Continental could make Mississippi a major player in global tire market

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Gov. Phil Bryant right) and Continental AG executive Nikolai Setzer talk to reporters after the ceremonial groundbreaking on a new tire plant in Mississippi.

The world has a growing appetite for tires and soon Mississippi will feed that need.

Thursday morning, ground was ceremonially broken on the future site for Continental Tire’s newest manufacturing facility. It is the largest in the Hanover, Germany-based company’s 145-year history.

Nikolai Setzer, a member of the executive board of Continental AG’s tire division, drove the point home by noting that the planned $1.45 billion investment represents a sizable portion of the company’s roughly $40 million in U.S. sales.

Mississippi political and economic development officials kept plans for the facility under wraps for nearly two years. In Mississippi, insiders referred to the secret plans as “Project Potter” while inside Continental it was known as “Project Diamond.”

“That lets you know it’s precious,” Setzer quipped at the groundbreaking ceremony in west Hinds County near Clinton.

News of the project leaked in early 2016, ahead of the legislative session. In the early days of the session, state and local leaders approved an incentive package worth approximately $600 million. As part of its deal with Mississippi, Continental agreed to create 2,500 jobs that pay an average of $40,000 per year.

Continental said it needs a new plant to meet demand from its customers, which includes auto dealers in the U.S., Canada and Mexico.

“When we selected Mississippi, we realized the site is important,” said Paul Williams, a Continental executive vice president. “In the end, we make a decision based on the community. We made decision that we wanted to be in Hinds County and we wanted to be a part of Mississippi.”

Plans call for a 5.2 million square-foot industrial facility, situated on 16th section land that the Clinton School District formerly owned. The project has not been without controversy. Early on, before the nature of the project was public, local residents asked for covenants to ensure that activities that produce noise and air pollution would not be allowed on the site.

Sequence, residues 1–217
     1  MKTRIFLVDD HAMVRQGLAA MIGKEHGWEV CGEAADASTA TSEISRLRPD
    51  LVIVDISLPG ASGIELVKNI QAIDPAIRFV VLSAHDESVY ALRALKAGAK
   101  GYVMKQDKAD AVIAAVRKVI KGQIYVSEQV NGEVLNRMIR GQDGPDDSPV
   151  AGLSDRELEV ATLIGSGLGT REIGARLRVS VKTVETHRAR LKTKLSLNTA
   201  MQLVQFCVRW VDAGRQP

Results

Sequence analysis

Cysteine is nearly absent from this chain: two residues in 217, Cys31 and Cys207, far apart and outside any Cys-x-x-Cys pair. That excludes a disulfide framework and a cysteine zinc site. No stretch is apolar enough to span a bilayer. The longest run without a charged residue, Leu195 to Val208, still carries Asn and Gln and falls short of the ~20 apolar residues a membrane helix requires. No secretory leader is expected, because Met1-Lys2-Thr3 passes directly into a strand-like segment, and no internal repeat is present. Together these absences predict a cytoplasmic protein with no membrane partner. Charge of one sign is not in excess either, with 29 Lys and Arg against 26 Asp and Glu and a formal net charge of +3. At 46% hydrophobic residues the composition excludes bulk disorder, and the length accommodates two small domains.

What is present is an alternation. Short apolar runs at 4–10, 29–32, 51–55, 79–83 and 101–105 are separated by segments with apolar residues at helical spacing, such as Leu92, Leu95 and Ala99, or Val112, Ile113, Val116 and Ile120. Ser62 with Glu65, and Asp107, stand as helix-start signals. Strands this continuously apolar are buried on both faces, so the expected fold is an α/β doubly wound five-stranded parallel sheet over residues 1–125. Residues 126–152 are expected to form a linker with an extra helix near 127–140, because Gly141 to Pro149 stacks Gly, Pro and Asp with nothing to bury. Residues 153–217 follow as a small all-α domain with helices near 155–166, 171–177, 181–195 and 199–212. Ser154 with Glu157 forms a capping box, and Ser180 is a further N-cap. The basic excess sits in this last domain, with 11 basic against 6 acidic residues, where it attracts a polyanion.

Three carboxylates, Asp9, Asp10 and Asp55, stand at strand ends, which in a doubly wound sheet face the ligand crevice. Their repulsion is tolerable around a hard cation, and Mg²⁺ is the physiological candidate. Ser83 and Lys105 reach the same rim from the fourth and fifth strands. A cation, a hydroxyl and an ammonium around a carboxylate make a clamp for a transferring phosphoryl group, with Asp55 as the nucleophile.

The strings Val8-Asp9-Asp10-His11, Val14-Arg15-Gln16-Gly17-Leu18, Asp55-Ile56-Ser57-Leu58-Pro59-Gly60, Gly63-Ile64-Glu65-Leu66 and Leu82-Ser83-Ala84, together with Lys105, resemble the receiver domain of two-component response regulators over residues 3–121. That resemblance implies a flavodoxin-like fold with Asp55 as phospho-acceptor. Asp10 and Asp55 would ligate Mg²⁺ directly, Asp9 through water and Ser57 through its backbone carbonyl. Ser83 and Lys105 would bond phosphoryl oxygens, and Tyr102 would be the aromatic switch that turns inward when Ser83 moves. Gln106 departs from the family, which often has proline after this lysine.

In August, local residents brought to the attention of state officials the existence of cemeteries on the site. A cultural-assets report about the site, compiled by the Mississippi Department of Archives and History in 2014, mentions a cemetery known as New Salem on the nearly 900-acre tract near Clinton. The report also notes that the headstones are consistent with the 19th century planter-class and that the cemetery also contains unmarked graves, likely of slaves of the white people buried on the grounds.

African American residents told Mississippi Today and other media outlet about the existence of an all-black cemetery across the road from the known cemetery, to the west. Jeff Rent, a spokesman for the Mississippi Development Authority, told Mississippi Today that work crews excavated both sides of the road, but found no graves on the west side of the former road. The other graves are being interred at the Bolton Cemetery, Rent said.

“They didn’t want to be disrespectful and miss anything,” Rent said.

Congressman Bennie Thompson encouraged Continental and state officials to do more local and minority hiring for the tire plant.

Congressman Bennie Thompson encouraged Continental and state officials to do more local and minority hiring for the tire plant.

Another dustup came in recent weeks, when media outlets reported that the first contract Continental awarded for site clearing went to a Georgia-based firm. Gov. Phil Bryant told reporters Thursday that the contractors would hire Mississippi workers, many of whom are living in hotels in Clinton near the work site.

U.S. Rep.  Bennie Thompson, who lives in Bolton, made a plea for more local and minority contractor involvement.

“Let’s make it work,” he said.

Continental expects to open the plant in 2018.